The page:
1970's American Contextuality Essay

1367 WordsMar 10, 20136 Pages
The chaotic events of the 60's, including war and social change, seemed destined to continue in the 70's. Major trends included a growing disillusionment of government, advances in civil rights, increased influence of the women's movement, a heightened concern for the environment, and increased space exploration. Many of the "radical" ideas of the 60's gained wider acceptance in the new decade, and were mainstreamed into American life and culture. Amid war, social realignment and presidential impeachment proceedings, American culture flourished. Indeed, the events of the times were reflected in and became the inspiration for much of the music, literature, entertainment, and even fashion of the decade. Many of the books published in the 70's revolved around a general theme of man's alienation from his spiritual roots. John Updike portrayed characters trying to find meaning in a society spiritually empty and in a state of moral decay. Joyce Carol Oates wrote of the search for spiritual meaning in the contemporary world, and Kurt Vonnegut explored the loneliness of contemporary society and the power hungry materialism that pervaded it. One of the strongest literary voices to emerge from this decade was Toni Morrison, who examined the Black American experience as never before. The poetry ofRod McKuen was immensely popular. No playwright dominated this decade of both social and artistic unrest. Among the most acknowledged were Sam Shepard, Lanford Wilson, David Mamet, Christopher Durang, and Neil Simon. Two trends not directly related to education nonetheless heavily impacted the nation's schools and campuses during the Seventies. Social movements, particularly the anti-war movement, were highly visible on college and university campuses. The Kent State massacre was the most devastating event, with four students gunned down by Ohio National Guardsmen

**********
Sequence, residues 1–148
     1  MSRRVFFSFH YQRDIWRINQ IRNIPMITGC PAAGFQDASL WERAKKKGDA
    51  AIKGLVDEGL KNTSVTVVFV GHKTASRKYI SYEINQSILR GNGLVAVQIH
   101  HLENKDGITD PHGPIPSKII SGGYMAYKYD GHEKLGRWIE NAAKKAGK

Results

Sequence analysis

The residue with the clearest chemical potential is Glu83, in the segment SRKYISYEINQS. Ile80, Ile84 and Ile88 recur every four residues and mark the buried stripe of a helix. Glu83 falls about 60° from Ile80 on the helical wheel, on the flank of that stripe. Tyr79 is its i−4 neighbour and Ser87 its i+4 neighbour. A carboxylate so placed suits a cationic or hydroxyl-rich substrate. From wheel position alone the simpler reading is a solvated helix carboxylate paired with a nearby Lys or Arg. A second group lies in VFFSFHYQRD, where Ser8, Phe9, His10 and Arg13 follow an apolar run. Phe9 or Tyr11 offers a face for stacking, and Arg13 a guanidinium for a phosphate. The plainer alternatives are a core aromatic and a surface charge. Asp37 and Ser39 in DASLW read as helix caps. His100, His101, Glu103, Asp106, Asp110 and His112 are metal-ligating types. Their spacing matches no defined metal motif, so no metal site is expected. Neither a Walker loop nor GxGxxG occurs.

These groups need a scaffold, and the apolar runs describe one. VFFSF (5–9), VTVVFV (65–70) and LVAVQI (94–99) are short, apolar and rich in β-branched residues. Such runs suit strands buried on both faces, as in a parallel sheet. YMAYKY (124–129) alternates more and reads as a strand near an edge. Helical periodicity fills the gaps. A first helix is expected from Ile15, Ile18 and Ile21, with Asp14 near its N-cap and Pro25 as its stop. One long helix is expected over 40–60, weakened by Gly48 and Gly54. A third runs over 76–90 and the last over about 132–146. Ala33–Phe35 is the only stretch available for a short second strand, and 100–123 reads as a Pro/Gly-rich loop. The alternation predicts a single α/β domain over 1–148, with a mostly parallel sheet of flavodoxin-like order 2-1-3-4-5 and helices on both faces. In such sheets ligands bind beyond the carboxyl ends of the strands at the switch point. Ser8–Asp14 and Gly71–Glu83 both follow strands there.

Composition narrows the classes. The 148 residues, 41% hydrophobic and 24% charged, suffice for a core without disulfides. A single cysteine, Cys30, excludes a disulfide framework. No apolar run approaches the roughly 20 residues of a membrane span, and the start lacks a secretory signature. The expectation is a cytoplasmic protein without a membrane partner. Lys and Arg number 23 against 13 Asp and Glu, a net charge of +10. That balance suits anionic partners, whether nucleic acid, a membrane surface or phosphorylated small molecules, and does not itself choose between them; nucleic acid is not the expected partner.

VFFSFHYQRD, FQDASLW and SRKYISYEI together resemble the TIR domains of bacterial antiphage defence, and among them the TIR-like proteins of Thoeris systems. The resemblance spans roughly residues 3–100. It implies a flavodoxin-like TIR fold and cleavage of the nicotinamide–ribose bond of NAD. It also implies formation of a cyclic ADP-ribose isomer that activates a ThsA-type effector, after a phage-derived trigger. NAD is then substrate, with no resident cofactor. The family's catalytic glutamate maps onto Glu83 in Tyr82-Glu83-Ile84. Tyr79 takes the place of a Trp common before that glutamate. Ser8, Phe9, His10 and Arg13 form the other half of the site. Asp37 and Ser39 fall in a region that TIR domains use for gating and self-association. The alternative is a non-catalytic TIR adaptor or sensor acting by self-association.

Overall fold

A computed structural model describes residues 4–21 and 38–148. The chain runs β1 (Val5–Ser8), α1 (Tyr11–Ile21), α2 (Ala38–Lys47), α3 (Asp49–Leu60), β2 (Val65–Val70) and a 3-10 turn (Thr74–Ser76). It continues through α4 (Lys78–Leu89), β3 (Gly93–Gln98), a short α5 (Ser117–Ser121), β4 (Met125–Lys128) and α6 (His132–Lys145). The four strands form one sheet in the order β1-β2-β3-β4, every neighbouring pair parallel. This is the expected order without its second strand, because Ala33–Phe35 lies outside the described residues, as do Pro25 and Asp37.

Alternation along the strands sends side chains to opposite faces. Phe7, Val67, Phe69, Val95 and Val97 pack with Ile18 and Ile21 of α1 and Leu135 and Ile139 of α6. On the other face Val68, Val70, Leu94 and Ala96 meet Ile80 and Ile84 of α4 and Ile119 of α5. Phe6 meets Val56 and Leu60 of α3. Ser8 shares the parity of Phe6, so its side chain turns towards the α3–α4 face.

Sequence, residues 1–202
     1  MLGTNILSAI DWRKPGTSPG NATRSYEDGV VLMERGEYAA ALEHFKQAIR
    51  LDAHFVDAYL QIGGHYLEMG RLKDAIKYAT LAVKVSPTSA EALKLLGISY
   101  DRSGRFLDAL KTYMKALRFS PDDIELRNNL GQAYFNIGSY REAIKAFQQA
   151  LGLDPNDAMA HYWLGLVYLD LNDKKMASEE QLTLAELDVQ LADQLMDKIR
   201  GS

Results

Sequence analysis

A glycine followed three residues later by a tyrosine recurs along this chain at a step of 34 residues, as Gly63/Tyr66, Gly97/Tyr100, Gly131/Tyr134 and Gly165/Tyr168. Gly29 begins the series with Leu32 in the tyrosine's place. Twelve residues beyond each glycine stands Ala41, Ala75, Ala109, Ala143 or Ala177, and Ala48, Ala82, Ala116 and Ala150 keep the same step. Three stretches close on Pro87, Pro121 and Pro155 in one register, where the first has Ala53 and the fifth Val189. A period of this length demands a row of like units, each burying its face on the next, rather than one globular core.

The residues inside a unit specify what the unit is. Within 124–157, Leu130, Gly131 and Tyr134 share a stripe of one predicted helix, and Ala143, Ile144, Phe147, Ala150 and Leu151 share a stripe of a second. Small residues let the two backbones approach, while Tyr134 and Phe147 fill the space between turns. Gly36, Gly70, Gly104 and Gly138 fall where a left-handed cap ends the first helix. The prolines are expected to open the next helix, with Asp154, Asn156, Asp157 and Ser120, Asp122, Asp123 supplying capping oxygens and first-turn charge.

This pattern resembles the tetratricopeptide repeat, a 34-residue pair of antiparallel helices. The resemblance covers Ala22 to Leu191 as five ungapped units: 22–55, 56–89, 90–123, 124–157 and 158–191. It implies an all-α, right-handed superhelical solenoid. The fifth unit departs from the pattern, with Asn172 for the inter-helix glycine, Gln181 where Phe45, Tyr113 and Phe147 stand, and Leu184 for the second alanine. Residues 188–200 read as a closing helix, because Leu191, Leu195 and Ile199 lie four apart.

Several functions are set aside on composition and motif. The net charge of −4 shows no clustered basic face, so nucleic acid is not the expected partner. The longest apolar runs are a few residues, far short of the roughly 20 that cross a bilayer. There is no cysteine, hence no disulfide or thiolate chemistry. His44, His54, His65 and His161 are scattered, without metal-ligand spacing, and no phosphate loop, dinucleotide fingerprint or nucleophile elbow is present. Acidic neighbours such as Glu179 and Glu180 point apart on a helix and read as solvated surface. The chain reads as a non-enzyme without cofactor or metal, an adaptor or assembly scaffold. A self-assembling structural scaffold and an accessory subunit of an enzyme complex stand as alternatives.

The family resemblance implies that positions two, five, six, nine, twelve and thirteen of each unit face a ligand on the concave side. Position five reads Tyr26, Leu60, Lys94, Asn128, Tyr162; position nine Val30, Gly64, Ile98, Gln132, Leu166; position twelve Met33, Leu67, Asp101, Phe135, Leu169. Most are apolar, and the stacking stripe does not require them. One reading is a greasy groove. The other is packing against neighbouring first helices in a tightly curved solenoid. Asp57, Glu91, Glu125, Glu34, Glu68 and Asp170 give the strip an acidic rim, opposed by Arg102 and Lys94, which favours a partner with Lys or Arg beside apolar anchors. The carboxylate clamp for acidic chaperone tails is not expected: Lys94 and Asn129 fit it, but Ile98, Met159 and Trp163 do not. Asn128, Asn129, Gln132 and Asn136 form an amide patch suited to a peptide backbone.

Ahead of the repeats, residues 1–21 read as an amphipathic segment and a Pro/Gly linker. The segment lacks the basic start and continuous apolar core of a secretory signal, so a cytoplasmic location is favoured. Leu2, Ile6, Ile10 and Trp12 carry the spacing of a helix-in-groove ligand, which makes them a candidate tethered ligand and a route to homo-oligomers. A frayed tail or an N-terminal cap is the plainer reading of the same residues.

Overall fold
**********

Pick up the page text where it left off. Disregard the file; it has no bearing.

More about 1970's American Contextuality Essay

Open Document